China pulls offensive nicknames from the Internet

China pulls offensive nicknames from the Internet
Accounts pretending to be government organisations, celebrities and officials are also banned, the Cyberspace Administration of China said, as are nicknames that appear to advertise cults or pornography, or that damage State security.

Nicknames in cyberspace such as "Obama" and "Putin" are no longer available for netizens in China as the country vows to crack down on inappropriate and unlawful screen names, an industry regulator said on Wednesday.

Accounts pretending to be government organisations, celebrities and officials are also banned, the Cyberspace Administration of China said, as are nicknames that appear to advertise cults or pornography, or that damage State security.

The new rule requires netizens to use registered account names on virtually all platforms, including blogs, social networking tools and messaging applications, said Xu Feng, director of the administration's mobile network management bureau.

The authority promised to set up a complaint mechanism, giving users a chance to reapply for their accounts if they were shut down.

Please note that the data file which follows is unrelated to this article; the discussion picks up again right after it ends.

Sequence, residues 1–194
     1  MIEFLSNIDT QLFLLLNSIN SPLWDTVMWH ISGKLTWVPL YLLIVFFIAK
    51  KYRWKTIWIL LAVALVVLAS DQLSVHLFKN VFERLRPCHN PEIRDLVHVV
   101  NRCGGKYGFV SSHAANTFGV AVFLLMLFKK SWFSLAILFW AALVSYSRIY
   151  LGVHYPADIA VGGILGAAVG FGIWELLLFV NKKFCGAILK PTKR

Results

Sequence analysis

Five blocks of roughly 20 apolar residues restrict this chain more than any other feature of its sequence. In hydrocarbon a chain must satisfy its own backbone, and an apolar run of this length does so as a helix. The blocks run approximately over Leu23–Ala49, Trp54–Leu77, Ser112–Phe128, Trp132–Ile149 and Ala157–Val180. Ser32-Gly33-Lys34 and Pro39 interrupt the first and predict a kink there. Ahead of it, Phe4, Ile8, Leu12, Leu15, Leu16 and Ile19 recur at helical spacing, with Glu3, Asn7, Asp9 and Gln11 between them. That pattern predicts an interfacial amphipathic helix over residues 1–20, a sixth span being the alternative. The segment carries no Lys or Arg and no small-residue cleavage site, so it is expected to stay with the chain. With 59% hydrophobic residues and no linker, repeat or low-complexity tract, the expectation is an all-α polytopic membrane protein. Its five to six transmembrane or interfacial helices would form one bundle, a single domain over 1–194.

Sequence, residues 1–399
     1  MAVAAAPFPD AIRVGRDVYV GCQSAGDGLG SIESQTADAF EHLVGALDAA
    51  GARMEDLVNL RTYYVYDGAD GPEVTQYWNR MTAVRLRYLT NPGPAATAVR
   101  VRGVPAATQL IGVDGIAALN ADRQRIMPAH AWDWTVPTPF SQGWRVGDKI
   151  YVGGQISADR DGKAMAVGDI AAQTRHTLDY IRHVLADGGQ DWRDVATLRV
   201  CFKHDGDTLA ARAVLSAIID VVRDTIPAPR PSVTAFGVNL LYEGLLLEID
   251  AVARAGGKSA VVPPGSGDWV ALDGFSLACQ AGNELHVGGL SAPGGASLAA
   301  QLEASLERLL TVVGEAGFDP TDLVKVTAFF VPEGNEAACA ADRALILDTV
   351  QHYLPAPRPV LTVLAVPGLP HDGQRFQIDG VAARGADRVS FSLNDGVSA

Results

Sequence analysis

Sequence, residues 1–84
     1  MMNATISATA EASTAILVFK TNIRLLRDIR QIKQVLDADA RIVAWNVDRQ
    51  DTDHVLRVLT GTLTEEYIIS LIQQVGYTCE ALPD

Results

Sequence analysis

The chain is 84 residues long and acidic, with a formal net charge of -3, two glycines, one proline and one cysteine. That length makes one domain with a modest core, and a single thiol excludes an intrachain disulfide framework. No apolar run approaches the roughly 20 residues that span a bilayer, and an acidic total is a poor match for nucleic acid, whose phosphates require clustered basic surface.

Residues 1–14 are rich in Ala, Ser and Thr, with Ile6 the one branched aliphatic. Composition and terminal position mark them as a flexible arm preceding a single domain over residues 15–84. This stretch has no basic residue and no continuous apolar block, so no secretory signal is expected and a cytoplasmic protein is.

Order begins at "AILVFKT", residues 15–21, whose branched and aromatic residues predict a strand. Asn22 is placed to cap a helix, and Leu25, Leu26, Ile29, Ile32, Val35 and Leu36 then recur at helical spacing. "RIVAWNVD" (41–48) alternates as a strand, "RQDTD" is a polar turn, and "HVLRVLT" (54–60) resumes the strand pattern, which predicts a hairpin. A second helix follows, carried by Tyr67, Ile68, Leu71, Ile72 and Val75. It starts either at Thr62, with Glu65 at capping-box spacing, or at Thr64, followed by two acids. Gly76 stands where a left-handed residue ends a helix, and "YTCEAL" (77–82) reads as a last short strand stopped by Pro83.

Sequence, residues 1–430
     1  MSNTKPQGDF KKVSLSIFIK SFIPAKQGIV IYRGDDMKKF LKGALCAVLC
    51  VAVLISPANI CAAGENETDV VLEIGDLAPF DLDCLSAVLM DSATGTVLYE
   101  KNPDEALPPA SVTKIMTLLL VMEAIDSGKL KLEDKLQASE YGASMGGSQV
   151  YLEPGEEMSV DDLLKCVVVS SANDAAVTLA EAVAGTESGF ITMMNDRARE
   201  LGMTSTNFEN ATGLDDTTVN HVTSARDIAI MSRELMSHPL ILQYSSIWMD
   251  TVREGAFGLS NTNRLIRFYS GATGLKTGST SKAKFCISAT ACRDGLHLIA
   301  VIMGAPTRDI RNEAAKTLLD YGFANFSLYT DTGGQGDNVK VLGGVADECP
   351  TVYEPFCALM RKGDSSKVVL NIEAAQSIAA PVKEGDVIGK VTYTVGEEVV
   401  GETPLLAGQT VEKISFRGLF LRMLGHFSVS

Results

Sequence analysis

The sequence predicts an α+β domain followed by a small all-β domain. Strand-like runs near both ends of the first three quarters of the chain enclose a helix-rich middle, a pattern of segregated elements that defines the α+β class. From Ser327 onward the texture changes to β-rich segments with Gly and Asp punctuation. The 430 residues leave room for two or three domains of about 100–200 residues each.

The rule will take effect on March 1.

Website operators and Internet companies have been asked to verify accounts and clean up those that are unqualified, the administration said.

Since last year, the administration has repeatedly asked Internet firms to vet accounts to keep cyberspace "clean and tidy".

Internet companies were asked by the administration to collect the real identities of its users last year.

Operators of forums, micro blogs and messaging platforms were also ordered to hire a monitoring team to take down illegal information.

"We found some accounts used names of the Central disciplinary inspector or well-known economic specialists to publish false information. Such behaviour threatens the healthy development of the Web," said Xu.

Wang Sixin, a law professor at Communication University of China, said a tighter grip on illegal Internet information is very necessary.

"The account registration policy has been loose since the Internet came to China," Wang said. "Poor account management triggered an array of problems such as online fraud and an overflow of pornography."

"Now that there are more than 2 billion online accounts, it is time to shut down malicious accounts."

He added that Internet companies need to bear much of the responsibility to stop illegal activity because they are the biggest beneficiaries of China's booming cybereconomy.

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